By Lisa Yorgey Lester
This month marks the second anniversary of the terrorist attacks on the World Trade Center and the Pentagon. In the post-Sept. 11 era, the firefighting profession has become synonymous with heroism. But, while our perception of firefighters may have changed, their needs and the services they provide have not.
More than a million firefighters from 30,000 municipal or local fire departments protected the United States in 2001, according to the National Fire Protection Association (NFPA). Nearly three-quarters (784,700) of these firefighters were volunteers.
Demographics point to a decidedly male market that can be broken into two groups: paid and volunteer. Applicants for municipal firefighting jobs must pass a written exam. And they earn, on average, a minimum salary of $29,316, according to the U.S. Bureau of Labor Statistics. Average minimum salaries increase with job title.
A Billion-Dollar Market
The fire service does much more than fight fires. Fire departments frequently respond to medical emergencies, traffic accidents, hazardous material spills, water rescues and more. These responsibilities translate into a need for an array of apparatus and equipment that includes thermal imaging cameras, LED sweep lights, ropes and air packs, to name a few.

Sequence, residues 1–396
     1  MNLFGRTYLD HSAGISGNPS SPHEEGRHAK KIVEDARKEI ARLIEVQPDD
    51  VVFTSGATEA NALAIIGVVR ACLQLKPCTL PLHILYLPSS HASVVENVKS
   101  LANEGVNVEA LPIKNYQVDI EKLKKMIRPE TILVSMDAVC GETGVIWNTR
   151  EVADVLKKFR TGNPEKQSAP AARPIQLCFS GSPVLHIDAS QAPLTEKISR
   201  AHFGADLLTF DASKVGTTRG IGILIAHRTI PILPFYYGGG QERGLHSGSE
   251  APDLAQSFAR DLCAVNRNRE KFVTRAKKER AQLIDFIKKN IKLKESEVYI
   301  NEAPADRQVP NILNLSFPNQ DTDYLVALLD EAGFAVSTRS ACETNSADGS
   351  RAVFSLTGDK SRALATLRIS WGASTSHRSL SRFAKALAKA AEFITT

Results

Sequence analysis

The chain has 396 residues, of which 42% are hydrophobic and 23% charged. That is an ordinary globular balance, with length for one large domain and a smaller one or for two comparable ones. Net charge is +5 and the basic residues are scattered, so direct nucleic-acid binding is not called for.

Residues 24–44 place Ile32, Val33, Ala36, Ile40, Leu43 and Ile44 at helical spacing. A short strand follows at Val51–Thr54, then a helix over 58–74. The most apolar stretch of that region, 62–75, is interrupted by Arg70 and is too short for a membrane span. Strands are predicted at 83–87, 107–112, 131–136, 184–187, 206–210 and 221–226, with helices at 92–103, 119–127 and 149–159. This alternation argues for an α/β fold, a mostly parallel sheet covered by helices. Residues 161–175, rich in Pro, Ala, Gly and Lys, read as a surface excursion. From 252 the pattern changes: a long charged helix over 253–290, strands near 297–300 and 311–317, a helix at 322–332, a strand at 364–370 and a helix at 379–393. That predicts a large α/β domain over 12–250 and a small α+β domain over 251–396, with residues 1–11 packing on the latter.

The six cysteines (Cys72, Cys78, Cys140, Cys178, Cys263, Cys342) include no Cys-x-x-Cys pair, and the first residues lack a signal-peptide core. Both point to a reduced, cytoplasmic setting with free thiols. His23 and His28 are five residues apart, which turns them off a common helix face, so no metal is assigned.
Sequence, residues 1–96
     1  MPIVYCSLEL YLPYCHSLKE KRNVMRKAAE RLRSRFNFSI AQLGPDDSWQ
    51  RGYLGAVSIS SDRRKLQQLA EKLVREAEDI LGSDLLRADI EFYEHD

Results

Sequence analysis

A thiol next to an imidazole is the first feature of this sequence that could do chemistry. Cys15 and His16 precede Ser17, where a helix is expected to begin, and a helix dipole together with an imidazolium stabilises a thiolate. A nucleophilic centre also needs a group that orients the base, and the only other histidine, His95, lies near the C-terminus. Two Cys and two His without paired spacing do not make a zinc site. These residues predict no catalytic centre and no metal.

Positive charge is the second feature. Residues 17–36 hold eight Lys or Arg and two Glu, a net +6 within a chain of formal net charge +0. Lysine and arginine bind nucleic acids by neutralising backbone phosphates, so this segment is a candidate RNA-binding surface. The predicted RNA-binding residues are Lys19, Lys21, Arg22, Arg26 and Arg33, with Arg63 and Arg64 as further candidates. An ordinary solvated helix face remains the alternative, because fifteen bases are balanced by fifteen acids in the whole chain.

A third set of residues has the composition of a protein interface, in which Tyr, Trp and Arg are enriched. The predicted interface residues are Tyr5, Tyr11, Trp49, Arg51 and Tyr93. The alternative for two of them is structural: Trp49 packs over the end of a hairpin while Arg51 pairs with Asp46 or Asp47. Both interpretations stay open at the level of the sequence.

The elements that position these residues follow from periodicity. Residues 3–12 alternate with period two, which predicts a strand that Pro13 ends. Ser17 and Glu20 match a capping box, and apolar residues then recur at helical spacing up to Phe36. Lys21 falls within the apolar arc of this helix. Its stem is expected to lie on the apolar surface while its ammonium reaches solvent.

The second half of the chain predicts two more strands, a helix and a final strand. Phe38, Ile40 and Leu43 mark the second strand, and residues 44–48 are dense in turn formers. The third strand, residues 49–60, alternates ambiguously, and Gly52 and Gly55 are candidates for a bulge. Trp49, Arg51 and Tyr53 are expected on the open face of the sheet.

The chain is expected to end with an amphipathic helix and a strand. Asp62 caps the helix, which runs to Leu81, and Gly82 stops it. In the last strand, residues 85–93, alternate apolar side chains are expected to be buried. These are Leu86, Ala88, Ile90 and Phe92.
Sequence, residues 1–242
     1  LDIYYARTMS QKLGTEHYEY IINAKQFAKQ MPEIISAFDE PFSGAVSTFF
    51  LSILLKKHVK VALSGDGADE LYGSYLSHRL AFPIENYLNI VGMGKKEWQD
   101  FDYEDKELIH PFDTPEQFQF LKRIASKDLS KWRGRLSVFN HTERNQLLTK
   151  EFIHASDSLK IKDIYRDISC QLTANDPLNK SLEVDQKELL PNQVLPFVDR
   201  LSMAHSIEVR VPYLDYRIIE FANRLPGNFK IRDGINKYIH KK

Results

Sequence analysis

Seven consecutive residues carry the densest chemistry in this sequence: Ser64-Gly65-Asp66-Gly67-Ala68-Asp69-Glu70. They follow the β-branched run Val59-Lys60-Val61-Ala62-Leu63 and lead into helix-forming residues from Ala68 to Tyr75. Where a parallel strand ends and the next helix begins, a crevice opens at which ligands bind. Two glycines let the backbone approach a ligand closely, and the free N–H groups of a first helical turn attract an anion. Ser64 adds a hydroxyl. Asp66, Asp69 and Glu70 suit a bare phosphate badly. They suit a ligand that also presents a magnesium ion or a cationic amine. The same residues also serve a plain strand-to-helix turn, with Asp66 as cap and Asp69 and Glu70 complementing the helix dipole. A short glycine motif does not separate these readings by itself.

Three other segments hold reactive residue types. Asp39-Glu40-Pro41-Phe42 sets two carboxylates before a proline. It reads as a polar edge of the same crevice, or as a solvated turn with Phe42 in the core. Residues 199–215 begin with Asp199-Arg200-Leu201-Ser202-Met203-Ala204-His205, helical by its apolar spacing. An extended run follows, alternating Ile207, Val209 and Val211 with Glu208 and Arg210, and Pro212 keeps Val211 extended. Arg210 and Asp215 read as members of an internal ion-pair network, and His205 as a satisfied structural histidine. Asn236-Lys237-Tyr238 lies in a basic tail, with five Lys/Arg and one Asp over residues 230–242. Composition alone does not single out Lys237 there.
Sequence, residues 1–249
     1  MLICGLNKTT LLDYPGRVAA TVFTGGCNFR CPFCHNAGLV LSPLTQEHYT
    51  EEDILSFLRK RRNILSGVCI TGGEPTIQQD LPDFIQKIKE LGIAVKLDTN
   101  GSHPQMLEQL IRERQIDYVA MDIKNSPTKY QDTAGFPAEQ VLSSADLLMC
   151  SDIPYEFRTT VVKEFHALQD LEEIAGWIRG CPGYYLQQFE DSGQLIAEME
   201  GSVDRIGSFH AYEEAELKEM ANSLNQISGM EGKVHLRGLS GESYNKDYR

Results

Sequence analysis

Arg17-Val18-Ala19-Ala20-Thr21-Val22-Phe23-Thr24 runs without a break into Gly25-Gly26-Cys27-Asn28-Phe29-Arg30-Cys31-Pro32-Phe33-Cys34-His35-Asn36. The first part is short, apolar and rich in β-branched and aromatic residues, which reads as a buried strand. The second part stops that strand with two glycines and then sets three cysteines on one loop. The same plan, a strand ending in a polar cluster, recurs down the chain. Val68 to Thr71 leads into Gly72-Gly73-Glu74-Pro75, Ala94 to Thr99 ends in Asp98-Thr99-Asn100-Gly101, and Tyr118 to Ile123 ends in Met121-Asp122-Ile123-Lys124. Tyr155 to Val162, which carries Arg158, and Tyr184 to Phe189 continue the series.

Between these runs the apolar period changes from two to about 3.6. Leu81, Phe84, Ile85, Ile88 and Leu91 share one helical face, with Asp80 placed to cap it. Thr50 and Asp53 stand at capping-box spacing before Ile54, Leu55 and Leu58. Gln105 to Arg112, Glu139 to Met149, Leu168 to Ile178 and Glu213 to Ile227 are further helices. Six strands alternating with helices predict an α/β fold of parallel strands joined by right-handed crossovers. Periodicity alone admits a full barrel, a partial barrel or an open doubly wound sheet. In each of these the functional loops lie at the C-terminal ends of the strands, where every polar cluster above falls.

"Firefighting is a $2.5 billion market," explains Harvey Eisner, editor in chief of Firehouse magazine, who notes this dollar figure includes money spent on rescue and emergency medical services as well as fire service.
Obviously, a fire department won't purchase a pumper truck via direct mail, but it may purchase safety products and equipment, medical supplies and published materials.
Fire departments also provide public education on fire safety and prevention, and are likely to purchase educational materials from direct mail and catalogs, points out Anthony Dinio of Venture Direct Worldwide, manager of the National Fire & Rescue magazine file. For example, Positive Promotions, a marketer of fire safety educational material, has rented names from several firefighter publications, including National Fire & Rescue.